MINNEAPOLIS -- Target Field has not been kind to Francisco Liriano in 2018.
For the second time this season, the 34-year-old Liriano was roughed up in a road start by the Twins and saw his night end early Thursday as the Tigers fell, 9-3. In his final start of the 2018 campaign, Liriano was gifted an early 3-0 lead, but was forced to exit early due to tightness in his back and tossed just 2 2/3 innings.
"The back just tightened up on him," Detroit manager Ron Gardenhire said. "And then into his hip, and then into his side a little bit. There was no way -- he was having a hard time breathing out there. Something about he was trying not to land on his front foot. Every time he landed hard on his front foot, he felt some shooting pain. Just had to get him out of the game."
Liriano was hindered by the same injury during a start in Houston in July.
After he walked Twins outfielder Robbie Grossman to load the bases with two outs in the third, Tigers trainers came out to the mound to check on Liriano, and he was eventually replaced by Louis Coleman. Minnesota jumped on the Detroit right-hander right away when Christopher Austin and Willians Astudillo knocked back-to-back two-run hits to give the Twins a 5-3 lead.
Things only unraveled further from there for Detroit. Austin, Astudillo and Max Kepler all drove in runs in the fifth off lefty Matt Hall to push Minnesota's lead to 9-3.
Detroit had the bats going early and scratched out a first-inning run against Twins opener Gabriel Moya. But after Minnesota's offensive onslaught, the Tigers stranded runners in the fifth and sixth innings and weren't able to spark a rally.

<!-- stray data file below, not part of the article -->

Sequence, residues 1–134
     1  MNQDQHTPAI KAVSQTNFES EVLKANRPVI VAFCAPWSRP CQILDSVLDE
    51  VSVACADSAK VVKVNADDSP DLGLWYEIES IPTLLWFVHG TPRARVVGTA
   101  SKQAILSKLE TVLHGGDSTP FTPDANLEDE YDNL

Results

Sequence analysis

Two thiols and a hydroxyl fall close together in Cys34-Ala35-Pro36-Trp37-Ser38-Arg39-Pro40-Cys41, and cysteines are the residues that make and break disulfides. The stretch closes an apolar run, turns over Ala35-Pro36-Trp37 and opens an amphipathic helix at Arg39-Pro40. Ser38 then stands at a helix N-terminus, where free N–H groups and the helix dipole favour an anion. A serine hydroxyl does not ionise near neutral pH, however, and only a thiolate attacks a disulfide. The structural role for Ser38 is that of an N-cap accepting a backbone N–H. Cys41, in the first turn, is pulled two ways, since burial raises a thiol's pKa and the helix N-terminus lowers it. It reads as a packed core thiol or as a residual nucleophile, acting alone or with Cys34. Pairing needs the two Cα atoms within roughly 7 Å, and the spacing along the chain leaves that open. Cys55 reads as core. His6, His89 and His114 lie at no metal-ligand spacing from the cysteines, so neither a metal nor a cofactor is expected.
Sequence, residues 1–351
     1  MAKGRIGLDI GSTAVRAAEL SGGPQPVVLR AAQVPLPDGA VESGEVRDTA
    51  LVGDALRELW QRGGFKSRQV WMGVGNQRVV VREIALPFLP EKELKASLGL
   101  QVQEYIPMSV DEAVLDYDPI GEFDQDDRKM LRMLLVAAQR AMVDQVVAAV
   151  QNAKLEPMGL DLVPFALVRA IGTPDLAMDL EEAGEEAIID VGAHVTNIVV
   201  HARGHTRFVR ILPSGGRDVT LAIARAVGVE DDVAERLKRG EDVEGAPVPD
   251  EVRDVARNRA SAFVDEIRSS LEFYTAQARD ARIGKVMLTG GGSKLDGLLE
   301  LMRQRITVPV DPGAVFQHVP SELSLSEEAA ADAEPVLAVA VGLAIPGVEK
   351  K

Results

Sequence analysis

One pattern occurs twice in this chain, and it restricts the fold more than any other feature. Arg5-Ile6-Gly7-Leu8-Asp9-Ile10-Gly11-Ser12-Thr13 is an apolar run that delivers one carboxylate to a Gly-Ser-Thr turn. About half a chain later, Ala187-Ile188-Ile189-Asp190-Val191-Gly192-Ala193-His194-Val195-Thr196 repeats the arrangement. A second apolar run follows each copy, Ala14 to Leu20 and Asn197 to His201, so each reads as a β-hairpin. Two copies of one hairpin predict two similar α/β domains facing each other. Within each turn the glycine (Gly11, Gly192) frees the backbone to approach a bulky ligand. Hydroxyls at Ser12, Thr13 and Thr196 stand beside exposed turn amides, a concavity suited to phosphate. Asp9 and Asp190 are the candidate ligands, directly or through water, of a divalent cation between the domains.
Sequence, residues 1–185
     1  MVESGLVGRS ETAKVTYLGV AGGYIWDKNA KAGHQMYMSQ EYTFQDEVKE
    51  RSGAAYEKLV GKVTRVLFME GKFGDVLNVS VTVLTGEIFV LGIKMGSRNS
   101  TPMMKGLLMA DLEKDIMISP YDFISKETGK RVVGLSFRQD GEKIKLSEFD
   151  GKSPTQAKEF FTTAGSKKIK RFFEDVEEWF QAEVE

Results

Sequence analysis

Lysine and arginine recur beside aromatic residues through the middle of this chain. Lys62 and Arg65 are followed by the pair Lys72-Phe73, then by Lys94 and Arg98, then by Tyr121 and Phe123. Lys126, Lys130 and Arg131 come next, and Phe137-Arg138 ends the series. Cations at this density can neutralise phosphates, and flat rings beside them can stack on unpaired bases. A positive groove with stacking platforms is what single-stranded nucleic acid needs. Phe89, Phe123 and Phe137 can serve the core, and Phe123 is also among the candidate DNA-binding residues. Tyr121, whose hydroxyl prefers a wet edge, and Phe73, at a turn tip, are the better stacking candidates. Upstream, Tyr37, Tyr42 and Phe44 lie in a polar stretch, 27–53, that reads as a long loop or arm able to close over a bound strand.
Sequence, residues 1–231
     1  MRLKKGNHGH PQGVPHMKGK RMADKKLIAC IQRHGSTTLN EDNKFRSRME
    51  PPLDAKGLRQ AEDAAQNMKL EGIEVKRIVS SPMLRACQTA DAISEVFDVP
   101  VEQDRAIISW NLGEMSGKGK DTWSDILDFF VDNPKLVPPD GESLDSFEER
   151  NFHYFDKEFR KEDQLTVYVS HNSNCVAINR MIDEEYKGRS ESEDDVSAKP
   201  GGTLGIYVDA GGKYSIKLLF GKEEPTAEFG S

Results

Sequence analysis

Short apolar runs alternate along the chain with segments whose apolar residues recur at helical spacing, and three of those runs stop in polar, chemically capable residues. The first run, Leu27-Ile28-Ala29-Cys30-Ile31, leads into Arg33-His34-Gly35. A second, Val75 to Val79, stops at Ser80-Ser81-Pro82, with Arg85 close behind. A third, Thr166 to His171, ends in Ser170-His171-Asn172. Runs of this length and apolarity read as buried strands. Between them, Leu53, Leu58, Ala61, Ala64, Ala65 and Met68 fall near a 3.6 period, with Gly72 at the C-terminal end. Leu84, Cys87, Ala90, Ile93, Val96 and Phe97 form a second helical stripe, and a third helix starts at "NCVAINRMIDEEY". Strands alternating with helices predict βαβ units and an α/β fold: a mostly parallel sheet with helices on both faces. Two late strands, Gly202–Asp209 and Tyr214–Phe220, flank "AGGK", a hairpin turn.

Liriano provided fans in Minnesota plenty of exciting moments during his six-plus years in a Twins uniform. But in two starts in Minneapolis this season, he has yielded 12 runs -- eight of which were earned -- in 4 1/3 innings. He finishes the season with a 4.58 ERA in 133 2/3 innings of work over 27 appearances. He will become a free agent at the end of the season.
"Just hoping to find a job and do whatever -- starter or reliever," Liriano said. "I would like to come back [to Detroit] and be with the guys. We have great teammates and great coaches. I've been with those guys for a long time, so I would like to come back."
With the exception of Thursday's start, Liriano was excellent in the month of September. He tossed at least five innings and held opponents to three runs or fewer in each of his previous four starts. He said that the lower back tightness struck at the start of the game and worsened as the night went on, but even while he was battling the injury, he still managed to touch 93.4 mph with his fastball.
"Francisco's been pitching a long time," Gardenhire said. "He's still got a good arm, he still throws the ball in the 90's. You know, we might have to change from starting rotation to something out of the bullpen somewhere. He's got options. The kid can still pitch; he's got good stuff. He can still get people out at this level."
YOU GOTTA SEE THIS
It didn't take long for Detroit left fielder Christin Stewart to leave his mark on Thursday's game. Minnesota's first batter of the game, Joe Mauer, ripped a hard line drive to left in the first, but Stewart tracked back and made a sensational leaping grab to take away extra bases.